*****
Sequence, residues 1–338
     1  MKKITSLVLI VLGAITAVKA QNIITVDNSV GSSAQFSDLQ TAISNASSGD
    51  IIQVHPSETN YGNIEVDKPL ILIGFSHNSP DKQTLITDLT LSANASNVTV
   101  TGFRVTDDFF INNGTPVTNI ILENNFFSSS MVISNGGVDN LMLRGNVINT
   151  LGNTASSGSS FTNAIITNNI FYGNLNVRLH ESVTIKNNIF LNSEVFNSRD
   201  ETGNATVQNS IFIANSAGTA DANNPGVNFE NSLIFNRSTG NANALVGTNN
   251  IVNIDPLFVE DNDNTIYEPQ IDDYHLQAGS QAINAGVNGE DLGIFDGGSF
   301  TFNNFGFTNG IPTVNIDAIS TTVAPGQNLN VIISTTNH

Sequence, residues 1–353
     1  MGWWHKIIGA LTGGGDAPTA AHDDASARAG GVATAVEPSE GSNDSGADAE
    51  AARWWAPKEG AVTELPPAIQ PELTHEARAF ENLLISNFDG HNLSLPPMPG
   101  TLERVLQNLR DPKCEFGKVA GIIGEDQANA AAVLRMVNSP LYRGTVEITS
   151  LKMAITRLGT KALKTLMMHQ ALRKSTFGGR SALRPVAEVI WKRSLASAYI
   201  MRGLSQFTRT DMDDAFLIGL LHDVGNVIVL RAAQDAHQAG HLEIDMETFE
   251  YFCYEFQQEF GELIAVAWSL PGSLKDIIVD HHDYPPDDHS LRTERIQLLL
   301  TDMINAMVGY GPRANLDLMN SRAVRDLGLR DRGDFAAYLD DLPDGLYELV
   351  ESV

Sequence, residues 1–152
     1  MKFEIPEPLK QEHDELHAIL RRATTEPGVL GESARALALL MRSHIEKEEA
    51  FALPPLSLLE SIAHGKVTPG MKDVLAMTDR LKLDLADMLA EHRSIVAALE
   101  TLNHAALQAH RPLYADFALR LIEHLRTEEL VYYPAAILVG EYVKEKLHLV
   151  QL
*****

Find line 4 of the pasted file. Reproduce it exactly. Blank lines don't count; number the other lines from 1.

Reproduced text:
   101  TGFRVTDDFF INNGTPVTNI ILENNFFSSS MVISNGGVDN LMLRGNVINT